New York police chief warns of 9/11 threat
The head of police in New York has told the BBC that he is worried that al-Qaeda may attack the city on the 10th anniversary of the 9/11 terror attacks.
Commissioner Raymond Kelly said documents in the compound in which Osama Bin Laden was killed revealed plans for attacks marking the event.
He also said police believe that terror groups may be conducting reconnaissance of New York "on a daily basis".
The warning came as the BBC gained rare access to New York's security planning.
'Top US target'
A service will be held on the site of the World Trade Center on Sunday. The ceremony marking 10 years to the day since the New York and Washington terror attacks in which almost three thousand people died will be attended by US President Barack Obama and former President George W Bush.
A special security zone is being set up near the site and across the city thousands of extra police officers will be deployed.
Speaking to the BBC in the run up to the anniversary, Commissioner Kelly said that New York remained the top terror target in the US:
"We are worried specifically about something happening on the anniversary of 9/11 because we saw on some of Bin Laden's materials that there was discussion about the 10 year anniversary, the 10 year memorial."
"There is no doubt that New York is safer now than it was 10 years ago, but there are no guarantees. We don't know what we don't know and we are doing everything that I believe we can do to protect the city, but it is a dangerous world," he added.
Show of strength
Commissioner Kelly took over as head of New York's police force soon after the 9/11 attacks and immediately set about transforming the force so that in the future protection of the city would not fall to other agencies.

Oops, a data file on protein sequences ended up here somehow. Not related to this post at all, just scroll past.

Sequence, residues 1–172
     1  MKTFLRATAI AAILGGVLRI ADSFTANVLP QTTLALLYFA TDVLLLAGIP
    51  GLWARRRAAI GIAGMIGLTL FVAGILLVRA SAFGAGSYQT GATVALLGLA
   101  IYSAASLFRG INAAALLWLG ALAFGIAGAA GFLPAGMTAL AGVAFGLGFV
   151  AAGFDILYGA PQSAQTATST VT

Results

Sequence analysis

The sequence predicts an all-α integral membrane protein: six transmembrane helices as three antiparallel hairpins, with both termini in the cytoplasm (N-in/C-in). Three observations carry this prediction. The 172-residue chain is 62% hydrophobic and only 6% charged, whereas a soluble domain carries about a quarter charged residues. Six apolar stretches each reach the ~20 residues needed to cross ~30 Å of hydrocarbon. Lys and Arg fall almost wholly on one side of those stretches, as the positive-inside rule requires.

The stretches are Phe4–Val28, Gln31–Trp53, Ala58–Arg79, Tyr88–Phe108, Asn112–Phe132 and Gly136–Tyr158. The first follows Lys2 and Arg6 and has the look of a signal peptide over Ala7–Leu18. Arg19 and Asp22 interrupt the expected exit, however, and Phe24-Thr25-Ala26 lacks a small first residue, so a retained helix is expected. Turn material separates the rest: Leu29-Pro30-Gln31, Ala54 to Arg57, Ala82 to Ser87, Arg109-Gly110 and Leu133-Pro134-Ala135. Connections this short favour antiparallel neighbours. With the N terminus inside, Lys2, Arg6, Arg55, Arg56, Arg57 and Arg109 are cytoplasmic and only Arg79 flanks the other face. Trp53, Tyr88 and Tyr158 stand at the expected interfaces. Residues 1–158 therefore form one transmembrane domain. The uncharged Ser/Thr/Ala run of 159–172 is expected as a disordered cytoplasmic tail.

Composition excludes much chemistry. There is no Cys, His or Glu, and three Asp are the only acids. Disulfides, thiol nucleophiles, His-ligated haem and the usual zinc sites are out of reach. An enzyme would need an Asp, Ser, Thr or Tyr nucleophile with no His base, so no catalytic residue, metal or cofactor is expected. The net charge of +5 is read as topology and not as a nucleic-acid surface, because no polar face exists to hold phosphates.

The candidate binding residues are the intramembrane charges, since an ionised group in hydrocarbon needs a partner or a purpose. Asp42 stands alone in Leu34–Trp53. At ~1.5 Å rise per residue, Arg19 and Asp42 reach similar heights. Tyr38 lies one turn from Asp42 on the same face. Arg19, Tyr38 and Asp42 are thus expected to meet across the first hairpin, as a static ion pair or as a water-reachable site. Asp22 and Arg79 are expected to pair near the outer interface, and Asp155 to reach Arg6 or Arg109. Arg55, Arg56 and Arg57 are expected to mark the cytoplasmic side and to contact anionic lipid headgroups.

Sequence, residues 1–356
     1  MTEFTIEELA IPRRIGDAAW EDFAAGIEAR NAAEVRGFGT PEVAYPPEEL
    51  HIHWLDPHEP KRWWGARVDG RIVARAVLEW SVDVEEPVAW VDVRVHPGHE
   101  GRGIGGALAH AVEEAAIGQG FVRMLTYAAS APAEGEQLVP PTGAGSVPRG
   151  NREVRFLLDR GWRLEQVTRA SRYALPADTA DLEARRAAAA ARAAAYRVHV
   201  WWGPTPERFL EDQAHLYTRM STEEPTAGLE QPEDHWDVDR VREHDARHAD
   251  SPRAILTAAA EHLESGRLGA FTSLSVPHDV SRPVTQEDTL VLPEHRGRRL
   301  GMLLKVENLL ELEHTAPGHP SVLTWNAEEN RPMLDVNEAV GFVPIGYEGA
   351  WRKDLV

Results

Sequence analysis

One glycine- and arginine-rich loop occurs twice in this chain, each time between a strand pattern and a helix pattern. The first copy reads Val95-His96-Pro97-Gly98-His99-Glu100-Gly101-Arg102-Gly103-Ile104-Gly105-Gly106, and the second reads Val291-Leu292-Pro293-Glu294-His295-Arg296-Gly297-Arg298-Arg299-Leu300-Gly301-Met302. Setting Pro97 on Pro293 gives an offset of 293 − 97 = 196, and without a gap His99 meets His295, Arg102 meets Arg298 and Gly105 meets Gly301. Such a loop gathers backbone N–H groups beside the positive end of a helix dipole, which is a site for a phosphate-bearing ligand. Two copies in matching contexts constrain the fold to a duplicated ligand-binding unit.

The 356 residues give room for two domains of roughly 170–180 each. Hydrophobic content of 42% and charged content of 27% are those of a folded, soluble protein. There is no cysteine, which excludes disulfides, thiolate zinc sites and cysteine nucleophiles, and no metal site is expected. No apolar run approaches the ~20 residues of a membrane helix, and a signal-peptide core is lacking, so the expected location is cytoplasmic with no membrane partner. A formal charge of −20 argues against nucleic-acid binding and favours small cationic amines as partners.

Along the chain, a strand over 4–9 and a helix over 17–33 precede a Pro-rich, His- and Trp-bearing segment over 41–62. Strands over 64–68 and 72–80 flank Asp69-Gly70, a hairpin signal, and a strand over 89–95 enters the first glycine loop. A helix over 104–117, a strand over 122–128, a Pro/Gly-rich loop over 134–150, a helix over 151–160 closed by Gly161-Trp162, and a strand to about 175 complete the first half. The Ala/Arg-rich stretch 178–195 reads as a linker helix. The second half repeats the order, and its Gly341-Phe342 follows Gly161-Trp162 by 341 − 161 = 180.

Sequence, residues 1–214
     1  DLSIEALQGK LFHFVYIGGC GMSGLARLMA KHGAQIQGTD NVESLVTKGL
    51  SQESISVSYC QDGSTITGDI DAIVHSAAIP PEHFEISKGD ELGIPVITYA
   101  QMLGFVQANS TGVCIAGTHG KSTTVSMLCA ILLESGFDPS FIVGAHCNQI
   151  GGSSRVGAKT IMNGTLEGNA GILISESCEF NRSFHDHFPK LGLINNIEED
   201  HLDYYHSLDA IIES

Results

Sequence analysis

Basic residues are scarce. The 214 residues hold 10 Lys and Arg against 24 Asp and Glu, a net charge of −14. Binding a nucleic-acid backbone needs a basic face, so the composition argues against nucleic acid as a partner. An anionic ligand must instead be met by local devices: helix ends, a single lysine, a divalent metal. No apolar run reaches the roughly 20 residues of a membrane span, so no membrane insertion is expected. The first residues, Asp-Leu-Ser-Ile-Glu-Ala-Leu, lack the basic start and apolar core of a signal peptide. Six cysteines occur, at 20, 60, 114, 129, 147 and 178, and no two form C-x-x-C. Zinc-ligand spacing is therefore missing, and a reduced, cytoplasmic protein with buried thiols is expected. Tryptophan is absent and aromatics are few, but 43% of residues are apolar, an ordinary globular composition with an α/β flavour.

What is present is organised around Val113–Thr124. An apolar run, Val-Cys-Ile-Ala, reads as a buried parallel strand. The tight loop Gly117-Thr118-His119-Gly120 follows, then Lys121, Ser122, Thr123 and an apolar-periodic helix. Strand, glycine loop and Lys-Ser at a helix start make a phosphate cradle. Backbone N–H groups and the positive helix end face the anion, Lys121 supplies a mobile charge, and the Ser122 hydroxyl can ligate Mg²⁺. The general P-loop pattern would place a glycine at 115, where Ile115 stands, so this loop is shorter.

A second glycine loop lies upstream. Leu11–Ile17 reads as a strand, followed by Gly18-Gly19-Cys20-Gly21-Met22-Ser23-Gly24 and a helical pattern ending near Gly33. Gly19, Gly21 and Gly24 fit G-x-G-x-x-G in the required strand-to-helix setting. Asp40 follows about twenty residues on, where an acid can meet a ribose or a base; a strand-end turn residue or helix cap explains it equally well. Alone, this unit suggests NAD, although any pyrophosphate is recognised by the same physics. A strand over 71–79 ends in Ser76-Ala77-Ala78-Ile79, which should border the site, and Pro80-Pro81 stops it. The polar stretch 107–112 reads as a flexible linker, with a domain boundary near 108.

A counter-terrorism bureau was created, intelligence experts from the CIA were drafted in and hundreds of heavily armed officers working in teams known as Hercules began to be deployed on the streets.
Both NYPD and the FBI use undercover officers and a network of informants to try to disrupt attacks while they are still in the planning stage.
And three times a day "surges" take place across New York as police officers join an exercise which is part emergency drill, part show of strength - in which dozens of police vehicles from every precinct converge on a designated location at high speed.
Officers gather in the streets to be assigned their duties, all under the control of a mobile command post nearby - a high intensity form of policing designed to keep the public on their toes and send a strong message to those who may be plotting to attack New York.
Commissioner Kelly told the BBC that there is a myriad of evolving threats: "We're concerned about explosives, we're concerned about dirty bombs, we're concerned of course about the unthinkable, a full-blown nuclear event".
Watch Gordon Corera and Steve Swann's report on how New York's law enforcement authorities have responded to terror threats in the years following 9/11 on the News at 10 on BBC One and Newsnight on BBC Two at 10.30pm.